Narrowing of gender pay gap ‘not good enough’

The latest ONS report on earnings has shown the gender pay gap is continuing to decrease. On average earnings did increase, however inflation has led to a general decrease in ‘real wages’.

Gender pay gap
The UK’s gender pay gap has fallen to lowest since records began 20 years ago although it still remains at 9.1 per cent, according to a report from the Office for National Statistics.

Inflation counters average pay increase

In its annual survey of hours and earnings, based on statistics gathered in April, the ONS found full-time employees earned an average of £550 a week in April, up 2.2 per cent on last year – the joint highest percentage increase since the financial crisis in 2008. However, adjusted for inflation, workers’ earnings decreased 0.4 per cent compared with April last year.On the gender pay gap, the report found that the April difference was down from 9.4 per cent for fulltime workers. Roger Smith, ONS statistician, said, “Higher inflation meant real earnings were down overall on the year for the first time since 2014.“This wasn’t the case for everyone though. The lowest paid 10 per cent of workers and those in some regions like the East Midlands still saw real increases, while other areas saw decreases.”Frances O’Grady, general secretary of the TUC, said, “The fulltime gender pay gap has inched a bit smaller but there is still a chasm between men and women’s earnings. At this rate it’ll take decades for women to get paid the same as men.“The government needs to crank up the pressure on employers. Companies shouldn’t just be made to publish their gender pay gaps. They should be forced to explain how they’ll close them and those bosses who flout the law should be fined.”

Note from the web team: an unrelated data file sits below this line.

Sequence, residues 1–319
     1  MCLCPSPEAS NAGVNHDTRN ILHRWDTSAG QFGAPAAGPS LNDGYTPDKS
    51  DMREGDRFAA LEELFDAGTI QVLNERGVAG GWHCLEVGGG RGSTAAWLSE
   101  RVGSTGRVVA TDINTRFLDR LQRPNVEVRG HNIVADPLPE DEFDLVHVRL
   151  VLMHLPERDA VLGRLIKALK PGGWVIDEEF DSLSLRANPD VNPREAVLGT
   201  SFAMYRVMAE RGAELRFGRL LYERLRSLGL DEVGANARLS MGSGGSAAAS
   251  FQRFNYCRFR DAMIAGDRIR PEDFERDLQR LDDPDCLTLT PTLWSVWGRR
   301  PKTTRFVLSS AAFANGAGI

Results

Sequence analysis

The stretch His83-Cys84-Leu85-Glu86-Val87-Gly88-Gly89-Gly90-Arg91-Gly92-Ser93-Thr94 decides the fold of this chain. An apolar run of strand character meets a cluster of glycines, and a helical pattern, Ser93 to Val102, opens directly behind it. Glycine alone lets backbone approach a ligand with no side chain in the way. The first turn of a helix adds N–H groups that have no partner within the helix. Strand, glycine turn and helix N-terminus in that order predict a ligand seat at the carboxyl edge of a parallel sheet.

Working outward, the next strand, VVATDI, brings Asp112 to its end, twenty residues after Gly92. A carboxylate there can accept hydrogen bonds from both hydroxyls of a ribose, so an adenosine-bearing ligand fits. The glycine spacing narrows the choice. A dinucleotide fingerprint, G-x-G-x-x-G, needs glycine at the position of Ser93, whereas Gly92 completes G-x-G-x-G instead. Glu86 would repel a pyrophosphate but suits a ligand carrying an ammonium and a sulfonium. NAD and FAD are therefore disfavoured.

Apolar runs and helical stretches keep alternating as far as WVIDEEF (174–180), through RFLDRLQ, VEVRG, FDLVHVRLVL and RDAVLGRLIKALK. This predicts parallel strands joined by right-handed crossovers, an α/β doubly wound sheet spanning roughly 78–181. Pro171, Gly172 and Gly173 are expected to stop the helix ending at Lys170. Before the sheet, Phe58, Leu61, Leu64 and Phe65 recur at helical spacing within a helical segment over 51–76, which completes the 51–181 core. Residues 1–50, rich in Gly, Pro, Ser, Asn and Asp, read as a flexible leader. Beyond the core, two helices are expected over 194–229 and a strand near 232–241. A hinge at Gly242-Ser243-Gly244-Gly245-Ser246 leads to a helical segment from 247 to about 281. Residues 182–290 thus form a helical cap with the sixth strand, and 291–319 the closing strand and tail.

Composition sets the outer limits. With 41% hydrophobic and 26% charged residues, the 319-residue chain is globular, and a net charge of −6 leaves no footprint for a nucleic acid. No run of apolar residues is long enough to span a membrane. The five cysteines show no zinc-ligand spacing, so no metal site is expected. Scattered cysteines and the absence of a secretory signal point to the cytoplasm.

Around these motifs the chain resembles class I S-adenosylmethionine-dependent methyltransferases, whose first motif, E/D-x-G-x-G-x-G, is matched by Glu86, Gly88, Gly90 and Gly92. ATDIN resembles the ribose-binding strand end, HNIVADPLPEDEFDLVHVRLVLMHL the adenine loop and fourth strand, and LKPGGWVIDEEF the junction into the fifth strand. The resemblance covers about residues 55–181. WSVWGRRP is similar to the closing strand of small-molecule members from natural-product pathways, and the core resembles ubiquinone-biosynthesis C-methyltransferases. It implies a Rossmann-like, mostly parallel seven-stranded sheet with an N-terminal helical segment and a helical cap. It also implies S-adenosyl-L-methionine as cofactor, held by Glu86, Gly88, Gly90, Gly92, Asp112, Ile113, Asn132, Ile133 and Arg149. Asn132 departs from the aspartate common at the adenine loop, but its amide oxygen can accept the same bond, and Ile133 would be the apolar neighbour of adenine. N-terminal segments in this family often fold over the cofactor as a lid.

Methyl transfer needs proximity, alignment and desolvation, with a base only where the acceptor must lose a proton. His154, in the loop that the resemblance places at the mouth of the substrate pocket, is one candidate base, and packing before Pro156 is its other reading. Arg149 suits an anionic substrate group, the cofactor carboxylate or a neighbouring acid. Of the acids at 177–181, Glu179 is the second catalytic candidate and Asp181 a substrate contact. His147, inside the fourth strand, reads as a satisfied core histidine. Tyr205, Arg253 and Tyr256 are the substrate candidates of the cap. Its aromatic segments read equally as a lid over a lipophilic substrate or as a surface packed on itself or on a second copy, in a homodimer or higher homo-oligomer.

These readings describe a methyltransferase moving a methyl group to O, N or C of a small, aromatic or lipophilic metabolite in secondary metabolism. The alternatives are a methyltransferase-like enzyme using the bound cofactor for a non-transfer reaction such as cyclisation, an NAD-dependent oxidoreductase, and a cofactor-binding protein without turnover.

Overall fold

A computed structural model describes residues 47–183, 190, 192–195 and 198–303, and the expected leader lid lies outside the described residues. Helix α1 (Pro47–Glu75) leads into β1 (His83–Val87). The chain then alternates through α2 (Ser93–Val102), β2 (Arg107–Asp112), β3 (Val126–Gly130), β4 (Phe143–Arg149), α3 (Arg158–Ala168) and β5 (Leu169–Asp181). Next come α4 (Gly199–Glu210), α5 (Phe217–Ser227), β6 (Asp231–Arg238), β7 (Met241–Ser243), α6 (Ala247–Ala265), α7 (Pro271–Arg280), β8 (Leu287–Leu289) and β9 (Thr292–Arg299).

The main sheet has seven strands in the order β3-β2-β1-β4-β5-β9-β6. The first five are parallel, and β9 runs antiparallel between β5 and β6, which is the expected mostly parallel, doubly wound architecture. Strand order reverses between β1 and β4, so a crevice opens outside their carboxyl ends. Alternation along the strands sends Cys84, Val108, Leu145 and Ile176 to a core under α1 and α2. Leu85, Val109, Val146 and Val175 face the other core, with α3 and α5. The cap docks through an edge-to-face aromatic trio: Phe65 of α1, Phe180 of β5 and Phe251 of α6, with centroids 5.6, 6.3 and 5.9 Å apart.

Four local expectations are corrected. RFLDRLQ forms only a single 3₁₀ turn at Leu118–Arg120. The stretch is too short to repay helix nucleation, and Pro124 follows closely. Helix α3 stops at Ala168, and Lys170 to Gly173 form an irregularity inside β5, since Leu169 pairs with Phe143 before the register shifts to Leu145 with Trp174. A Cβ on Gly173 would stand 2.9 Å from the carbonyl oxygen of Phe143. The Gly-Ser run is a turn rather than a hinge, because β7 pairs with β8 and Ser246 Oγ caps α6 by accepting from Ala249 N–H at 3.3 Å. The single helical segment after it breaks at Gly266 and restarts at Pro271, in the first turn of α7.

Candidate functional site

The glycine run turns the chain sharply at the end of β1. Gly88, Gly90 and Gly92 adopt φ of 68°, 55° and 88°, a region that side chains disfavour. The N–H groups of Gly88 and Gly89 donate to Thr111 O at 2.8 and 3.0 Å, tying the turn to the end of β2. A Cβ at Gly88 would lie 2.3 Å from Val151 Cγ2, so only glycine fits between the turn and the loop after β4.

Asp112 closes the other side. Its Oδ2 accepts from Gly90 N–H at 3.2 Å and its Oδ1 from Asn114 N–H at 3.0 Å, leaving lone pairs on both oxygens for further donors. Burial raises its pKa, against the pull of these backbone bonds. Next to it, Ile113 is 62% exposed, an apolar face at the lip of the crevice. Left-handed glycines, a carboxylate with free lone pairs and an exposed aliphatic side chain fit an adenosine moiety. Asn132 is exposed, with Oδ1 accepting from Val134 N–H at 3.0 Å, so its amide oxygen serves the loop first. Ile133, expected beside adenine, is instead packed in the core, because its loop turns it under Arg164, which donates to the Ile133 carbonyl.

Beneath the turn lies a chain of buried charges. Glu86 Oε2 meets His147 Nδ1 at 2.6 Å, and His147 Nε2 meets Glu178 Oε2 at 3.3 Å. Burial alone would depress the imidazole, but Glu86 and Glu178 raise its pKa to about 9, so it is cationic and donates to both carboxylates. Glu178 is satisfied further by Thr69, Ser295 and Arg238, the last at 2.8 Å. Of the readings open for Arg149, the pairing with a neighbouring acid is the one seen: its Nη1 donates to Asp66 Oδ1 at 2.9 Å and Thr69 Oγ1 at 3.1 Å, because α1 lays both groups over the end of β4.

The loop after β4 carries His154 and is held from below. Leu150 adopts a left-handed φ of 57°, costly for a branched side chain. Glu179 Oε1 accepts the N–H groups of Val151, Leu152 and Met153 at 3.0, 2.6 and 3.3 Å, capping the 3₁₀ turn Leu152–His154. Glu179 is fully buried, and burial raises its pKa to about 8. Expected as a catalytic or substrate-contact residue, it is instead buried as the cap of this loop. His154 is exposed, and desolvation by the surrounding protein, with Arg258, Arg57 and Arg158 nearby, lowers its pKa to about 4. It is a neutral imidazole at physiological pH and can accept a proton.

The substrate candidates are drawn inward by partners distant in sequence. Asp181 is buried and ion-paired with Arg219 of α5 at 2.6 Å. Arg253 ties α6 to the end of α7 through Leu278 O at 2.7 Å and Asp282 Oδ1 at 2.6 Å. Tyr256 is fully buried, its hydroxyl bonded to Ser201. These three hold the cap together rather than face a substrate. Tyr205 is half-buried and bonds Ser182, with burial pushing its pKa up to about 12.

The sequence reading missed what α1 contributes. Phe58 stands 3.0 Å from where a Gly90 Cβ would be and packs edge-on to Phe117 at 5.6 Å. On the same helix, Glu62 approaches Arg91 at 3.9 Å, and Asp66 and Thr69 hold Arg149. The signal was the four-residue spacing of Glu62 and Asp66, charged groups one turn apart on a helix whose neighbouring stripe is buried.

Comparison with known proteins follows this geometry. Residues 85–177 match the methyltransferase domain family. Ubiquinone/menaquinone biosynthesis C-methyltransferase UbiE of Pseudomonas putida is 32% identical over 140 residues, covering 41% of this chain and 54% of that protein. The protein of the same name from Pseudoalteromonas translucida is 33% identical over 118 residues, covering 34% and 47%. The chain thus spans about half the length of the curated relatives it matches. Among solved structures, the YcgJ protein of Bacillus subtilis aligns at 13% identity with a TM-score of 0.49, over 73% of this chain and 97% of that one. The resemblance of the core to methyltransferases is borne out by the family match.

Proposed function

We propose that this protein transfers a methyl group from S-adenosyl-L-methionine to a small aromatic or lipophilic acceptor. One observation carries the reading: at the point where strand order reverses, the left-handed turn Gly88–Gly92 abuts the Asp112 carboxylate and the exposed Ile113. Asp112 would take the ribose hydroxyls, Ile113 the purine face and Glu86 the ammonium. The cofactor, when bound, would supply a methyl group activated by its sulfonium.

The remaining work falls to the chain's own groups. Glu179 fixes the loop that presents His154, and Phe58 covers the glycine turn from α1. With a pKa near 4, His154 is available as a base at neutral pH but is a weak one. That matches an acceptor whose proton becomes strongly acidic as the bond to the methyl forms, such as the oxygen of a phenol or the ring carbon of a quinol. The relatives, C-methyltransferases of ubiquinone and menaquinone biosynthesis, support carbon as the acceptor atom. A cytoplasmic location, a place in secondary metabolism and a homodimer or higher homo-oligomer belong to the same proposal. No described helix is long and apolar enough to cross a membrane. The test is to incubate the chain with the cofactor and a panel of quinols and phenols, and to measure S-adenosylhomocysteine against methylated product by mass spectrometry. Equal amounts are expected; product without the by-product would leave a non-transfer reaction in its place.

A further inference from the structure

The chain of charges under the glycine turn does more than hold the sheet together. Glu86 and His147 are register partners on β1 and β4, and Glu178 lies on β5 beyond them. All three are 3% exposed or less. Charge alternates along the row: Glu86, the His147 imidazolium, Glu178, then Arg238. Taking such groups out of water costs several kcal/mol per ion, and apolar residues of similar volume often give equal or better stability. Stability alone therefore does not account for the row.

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Mixed picture of gender pay gap

Gerwyn Davies, senior labour market analyst at the Chartered Institute of Personnel and Development (CIPD), said the ONS data painted a mixed picture of shifts among pay gaps across the UK and agreed greater action was needed to achieve equality.He said both government and employers should draw lessons from the new figures. “Despite good news on the gender pay gap, the latest figures show that there is much more to do in order to deliver genuine pay equality.“This is particularly true when we consider that relatively few women work fulltime and that women as a whole still tend to be concentrated in low-paid sectors of the economy, especially among the over 30s.“It is clear that the gender pay reporting requirements need to be accompanied by a more analytical review of why the equal pay gap exists in organisations and what practical steps can be taken to tackle it. In many cases, a greater drive to increase uptake of flexible working opportunities from government and employers will be required if we are to make further inroads into the equal pay gap.“As the ONS points out, the gap is relatively small up to the age of 40, which is likely to be connected with patterns of return to work after having children.“The data also gives a political mandate to the Chancellor for taking a more lenient stance on public sector pay given that the annual figures show that the full-time earnings of public sector workers (+0.9 per cent) continue to lag substantially behind those of private sector workers (2.8 per cent).”For related news and features, visit our Human Resources section.Relocate’s new Global Mobility Toolkit provides free information, practical advice and support for HR, global mobility managers and global teams operating overseas.Global Mobility Toolkit download factsheets resource centreAccess hundreds of global services and suppliers in our Online DirectoryClick to get to the Relocate Global Online Directory  

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